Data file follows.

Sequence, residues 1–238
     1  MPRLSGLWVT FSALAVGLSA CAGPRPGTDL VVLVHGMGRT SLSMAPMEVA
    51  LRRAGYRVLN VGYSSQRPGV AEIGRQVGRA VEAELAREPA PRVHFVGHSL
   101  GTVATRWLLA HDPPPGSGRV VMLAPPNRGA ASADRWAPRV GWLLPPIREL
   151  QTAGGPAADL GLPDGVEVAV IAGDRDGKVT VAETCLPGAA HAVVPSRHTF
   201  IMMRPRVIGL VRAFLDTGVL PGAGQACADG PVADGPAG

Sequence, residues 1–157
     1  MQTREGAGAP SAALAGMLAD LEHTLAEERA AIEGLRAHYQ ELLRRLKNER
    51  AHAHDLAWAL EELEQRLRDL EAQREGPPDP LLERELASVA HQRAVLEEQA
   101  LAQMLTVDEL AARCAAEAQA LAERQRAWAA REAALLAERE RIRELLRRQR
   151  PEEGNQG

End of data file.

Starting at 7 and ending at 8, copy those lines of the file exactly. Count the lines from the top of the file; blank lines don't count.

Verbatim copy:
Sequence, residues 1–157
     1  MQTREGAGAP SAALAGMLAD LEHTLAEERA AIEGLRAHYQ ELLRRLKNER